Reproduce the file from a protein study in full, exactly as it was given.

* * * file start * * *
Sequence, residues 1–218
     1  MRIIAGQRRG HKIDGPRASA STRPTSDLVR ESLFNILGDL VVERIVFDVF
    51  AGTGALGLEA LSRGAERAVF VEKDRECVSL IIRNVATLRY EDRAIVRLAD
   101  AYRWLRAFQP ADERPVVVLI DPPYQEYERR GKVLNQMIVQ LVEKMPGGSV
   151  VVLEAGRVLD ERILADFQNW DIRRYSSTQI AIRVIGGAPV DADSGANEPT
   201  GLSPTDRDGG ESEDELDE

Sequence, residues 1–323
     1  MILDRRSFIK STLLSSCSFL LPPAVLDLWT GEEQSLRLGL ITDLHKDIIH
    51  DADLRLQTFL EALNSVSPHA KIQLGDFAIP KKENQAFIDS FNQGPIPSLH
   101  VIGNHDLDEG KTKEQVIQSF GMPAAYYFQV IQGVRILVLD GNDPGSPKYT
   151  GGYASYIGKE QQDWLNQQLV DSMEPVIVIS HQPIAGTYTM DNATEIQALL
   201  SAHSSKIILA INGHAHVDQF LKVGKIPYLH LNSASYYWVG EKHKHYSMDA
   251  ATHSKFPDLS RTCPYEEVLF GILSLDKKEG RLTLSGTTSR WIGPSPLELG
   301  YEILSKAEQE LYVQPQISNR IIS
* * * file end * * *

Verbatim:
Sequence, residues 1–218
     1  MRIIAGQRRG HKIDGPRASA STRPTSDLVR ESLFNILGDL VVERIVFDVF
    51  AGTGALGLEA LSRGAERAVF VEKDRECVSL IIRNVATLRY EDRAIVRLAD
   101  AYRWLRAFQP ADERPVVVLI DPPYQEYERR GKVLNQMIVQ LVEKMPGGSV
   151  VVLEAGRVLD ERILADFQNW DIRRYSSTQI AIRVIGGAPV DADSGANEPT
   201  GLSPTDRDGG ESEDELDE

Sequence, residues 1–323
     1  MILDRRSFIK STLLSSCSFL LPPAVLDLWT GEEQSLRLGL ITDLHKDIIH
    51  DADLRLQTFL EALNSVSPHA KIQLGDFAIP KKENQAFIDS FNQGPIPSLH
   101  VIGNHDLDEG KTKEQVIQSF GMPAAYYFQV IQGVRILVLD GNDPGSPKYT
   151  GGYASYIGKE QQDWLNQQLV DSMEPVIVIS HQPIAGTYTM DNATEIQALL
   201  SAHSSKIILA INGHAHVDQF LKVGKIPYLH LNSASYYWVG EKHKHYSMDA
   251  ATHSKFPDLS RTCPYEEVLF GILSLDKKEG RLTLSGTTSR WIGPSPLELG
   301  YEILSKAEQE LYVQPQISNR IIS